Does Israel have any greater advantage in its existential struggle than the endless feuding among Sunnis and Shias, Arabs and Persians, nationalists and Islamists. Rubin makes an excellent point about Hezbollah having dangerously overreached (I think Hamas did as well, though on a smaller scale, with its attack yesterday on Be’er Sheva) and about the effect this latest fighting seems to have had on the existing divisions in the Middle East, but in many ways, the Middle East of 2008 is not so different from the Middle East of 1948 or 1967 or 1973. As long as the Muslim world is divided against itself, even a dysfunctional Israeli political system will be able to outmaneuver its foes as it has done for the last 60 years. Read the rest of Rubin’s piece here.


Egypt’s Jew Haters Deserve Ostracism in the West

December 17, 2008

Egypt’s Jew Haters Deserve Ostracism in the West

More proof the prejudice has nothing to do with Israel.

Cairo, Egypt

“But we are Semites ourselves!” That is what an urbane Egyptian journalist will likely reply to the charge that the Egyptian media is rife with anti-Semitism. But there are few places where Jews are blamed for so many of the world’s ills, from carcinogenic pesticides to the war in Iraq.

More distressing is that much of the pointing is being done by Egypt’s self-described liberals — the pro-democratic and anti-Islamist crowd on which the country’s hopes for a more tolerant future supposedly rest.

The most recent episode began on Oct. 2, when the Anti-Defamation League issued a press release reportingSurge in Anti-Semitic Messages on Online Finance Sites.” An Egyptian journalist read about it in the Israeli daily “Maariv,” and here is how the new, “liberal” Egyptian weekly Al-Youm As-Sabi headlined its report the next day: “Jews are the principal suspect in the financial crisis.” The article ran alongside a photo of stock market readouts, captioned “why are cries against Jews growing louder in the U.S.?”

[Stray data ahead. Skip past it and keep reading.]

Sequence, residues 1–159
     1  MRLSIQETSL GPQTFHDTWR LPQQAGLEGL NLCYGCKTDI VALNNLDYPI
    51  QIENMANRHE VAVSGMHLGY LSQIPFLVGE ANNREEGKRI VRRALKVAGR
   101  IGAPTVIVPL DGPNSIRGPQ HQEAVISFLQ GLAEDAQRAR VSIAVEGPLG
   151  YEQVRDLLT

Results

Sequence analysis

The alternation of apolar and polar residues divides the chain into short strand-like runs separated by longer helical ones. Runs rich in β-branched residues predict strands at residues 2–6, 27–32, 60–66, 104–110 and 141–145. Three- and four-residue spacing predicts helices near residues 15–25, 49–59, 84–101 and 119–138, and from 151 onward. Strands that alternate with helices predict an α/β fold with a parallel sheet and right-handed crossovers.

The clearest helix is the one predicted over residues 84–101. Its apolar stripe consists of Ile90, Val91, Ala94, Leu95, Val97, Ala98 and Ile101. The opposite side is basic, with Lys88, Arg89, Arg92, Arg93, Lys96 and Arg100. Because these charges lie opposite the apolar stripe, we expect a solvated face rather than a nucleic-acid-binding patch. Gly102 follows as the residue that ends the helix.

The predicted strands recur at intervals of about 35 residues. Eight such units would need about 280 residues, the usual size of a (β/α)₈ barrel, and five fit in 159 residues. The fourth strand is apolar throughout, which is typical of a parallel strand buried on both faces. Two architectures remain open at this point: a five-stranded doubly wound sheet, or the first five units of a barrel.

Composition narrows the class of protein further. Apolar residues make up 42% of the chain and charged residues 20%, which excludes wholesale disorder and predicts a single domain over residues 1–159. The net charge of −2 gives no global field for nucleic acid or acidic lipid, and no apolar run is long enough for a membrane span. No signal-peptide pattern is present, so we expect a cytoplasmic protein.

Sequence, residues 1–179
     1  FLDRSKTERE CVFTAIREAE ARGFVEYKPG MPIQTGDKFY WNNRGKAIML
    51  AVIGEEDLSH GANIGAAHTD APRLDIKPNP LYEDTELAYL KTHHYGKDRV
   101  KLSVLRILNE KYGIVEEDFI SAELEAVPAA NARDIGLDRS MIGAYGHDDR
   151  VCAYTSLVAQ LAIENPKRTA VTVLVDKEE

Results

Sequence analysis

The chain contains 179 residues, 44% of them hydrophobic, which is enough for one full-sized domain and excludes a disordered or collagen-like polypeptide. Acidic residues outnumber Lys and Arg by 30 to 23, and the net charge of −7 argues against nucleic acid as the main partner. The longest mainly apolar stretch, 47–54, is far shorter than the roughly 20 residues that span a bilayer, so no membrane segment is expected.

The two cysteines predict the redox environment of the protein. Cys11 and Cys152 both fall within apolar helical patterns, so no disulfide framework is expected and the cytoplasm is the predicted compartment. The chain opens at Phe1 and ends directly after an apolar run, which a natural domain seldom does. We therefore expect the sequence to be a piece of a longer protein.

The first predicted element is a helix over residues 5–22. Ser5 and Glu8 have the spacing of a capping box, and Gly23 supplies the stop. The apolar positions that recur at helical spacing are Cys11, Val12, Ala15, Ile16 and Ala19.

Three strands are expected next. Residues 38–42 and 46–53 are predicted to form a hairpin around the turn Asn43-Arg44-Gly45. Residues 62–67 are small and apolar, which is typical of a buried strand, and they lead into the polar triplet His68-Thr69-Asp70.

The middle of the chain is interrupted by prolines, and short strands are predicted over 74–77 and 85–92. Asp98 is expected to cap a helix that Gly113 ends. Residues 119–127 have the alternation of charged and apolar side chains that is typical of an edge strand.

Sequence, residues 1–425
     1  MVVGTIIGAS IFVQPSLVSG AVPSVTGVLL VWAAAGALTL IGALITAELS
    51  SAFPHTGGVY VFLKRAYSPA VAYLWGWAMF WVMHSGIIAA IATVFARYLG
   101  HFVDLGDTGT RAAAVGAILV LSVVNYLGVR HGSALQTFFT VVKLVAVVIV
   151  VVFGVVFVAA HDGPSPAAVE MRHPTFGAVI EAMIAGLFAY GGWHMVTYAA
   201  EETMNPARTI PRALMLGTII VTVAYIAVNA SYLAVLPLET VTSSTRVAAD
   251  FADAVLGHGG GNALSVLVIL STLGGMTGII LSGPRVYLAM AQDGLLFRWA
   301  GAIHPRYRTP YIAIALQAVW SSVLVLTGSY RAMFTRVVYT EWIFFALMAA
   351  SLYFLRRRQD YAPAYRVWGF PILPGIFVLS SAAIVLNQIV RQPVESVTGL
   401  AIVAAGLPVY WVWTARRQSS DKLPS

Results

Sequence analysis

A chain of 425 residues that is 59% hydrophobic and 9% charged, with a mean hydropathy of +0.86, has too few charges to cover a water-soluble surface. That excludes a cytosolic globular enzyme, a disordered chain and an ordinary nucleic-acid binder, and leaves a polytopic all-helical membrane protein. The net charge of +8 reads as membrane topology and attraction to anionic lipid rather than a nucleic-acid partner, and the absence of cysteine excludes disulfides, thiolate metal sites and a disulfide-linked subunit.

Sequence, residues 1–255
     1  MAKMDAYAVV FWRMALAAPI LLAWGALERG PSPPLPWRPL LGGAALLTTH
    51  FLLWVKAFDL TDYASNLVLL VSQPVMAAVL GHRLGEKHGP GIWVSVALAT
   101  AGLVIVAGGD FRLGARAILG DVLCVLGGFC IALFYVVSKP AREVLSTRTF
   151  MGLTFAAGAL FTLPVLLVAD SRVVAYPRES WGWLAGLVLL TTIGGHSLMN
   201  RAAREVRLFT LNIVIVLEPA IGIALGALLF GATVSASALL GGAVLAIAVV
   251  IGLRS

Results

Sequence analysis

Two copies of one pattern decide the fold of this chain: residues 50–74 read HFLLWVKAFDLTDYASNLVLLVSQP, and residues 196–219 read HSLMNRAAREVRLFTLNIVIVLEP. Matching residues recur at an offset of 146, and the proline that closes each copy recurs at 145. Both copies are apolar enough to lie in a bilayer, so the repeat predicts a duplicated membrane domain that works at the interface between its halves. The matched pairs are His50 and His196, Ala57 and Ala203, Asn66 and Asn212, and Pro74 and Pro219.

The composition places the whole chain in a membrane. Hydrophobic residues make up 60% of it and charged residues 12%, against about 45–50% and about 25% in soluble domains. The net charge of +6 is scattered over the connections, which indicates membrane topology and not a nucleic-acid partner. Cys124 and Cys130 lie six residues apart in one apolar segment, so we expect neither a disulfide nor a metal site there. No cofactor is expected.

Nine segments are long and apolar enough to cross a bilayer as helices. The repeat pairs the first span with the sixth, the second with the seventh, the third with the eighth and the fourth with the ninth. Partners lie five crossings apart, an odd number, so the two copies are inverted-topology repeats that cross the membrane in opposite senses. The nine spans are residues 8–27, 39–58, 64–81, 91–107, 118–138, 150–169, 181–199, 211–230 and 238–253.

This was not the only instance in which Egypt’s “liberal” intelligentsia found ways to blame Jews for the financial crisis. On Oct. 11, Abbas at-Tarabili, the editor in chief of the Al-Wafd daily — the house organ of Egypt’s leading “liberal” political party of the same name — wrote a column purporting to show that Jews were merely manipulating the stock market as they had the price of gold in the late 1970s.

“The Jews played a filthy game,” he wrote. “It is true that the Western countries — the United States on top — have a lot to lose, but all pours into the pockets of Jewish businessmen who control the stock markets of the world.”

Two weeks later, Al-Masry Al-Youm, Egypt’s largest independent newspaper and widely regarded as the country’s only serious tribune for liberalism, ran a column baldly titled “The Jewish Conspiracy.” The columnist, Khairi Ramadan, who also co-hosts one of the country’s most successful talk shows, asked his readers not to ignore what is being said on the Internet “about a Jewish conspiracy in the end of Bush’s term, in preparation for controlling the next president.”

“The available information,” wrote Mr. Ramadan, shows that “the Jews withdrew 400 billion dollars from Lehman Brothers a couple of weeks before it collapsed,” adding that the collapse of the brokerage house was of a piece with the events of September 11, “when thousands of Jews did not go to the WTC.”

These examples are especially notable because they have nothing to do with Israel or Zionism. They expose the falsehood –– popular with prominent scholars like John Mearsheimer and Stephen Walt, authors of last year’s best-selling book “The Israel Lobby” — that hatred of Jews is not one of the great motivating factors in the Arab world’s overall objections to Israel.

But these examples also raise a serious question about what passes for liberalism in the Arab world. Why bother listening to these voices on matters of economics — much less politics, democracy or human rights — if they also propagate hateful conspiracy theories?

There’s another question: Over the past eight years, the United States has invested huge resources in attempting to bring democracy to the Middle East. But it’s not clear whether that project will succeed as long as America’s natural allies in the region remain themselves so profoundly irrational and illiberal.

What can be done? Here’s a modest suggestion. The Egyptian state and the country’s newspapers go out of their way to make a leper of any author who expresses even remote sympathy with Israel. Perhaps Western institutions could adopt a similar practice, refusing to invite to their various functions any editors who allow their pages to become Jew-hatred platforms. The cold shoulder alone might get these lunch-eaters to change their tune.

Mr. Bargisi is a Cairo-based writer and a former Bartley Fellow at the Journal.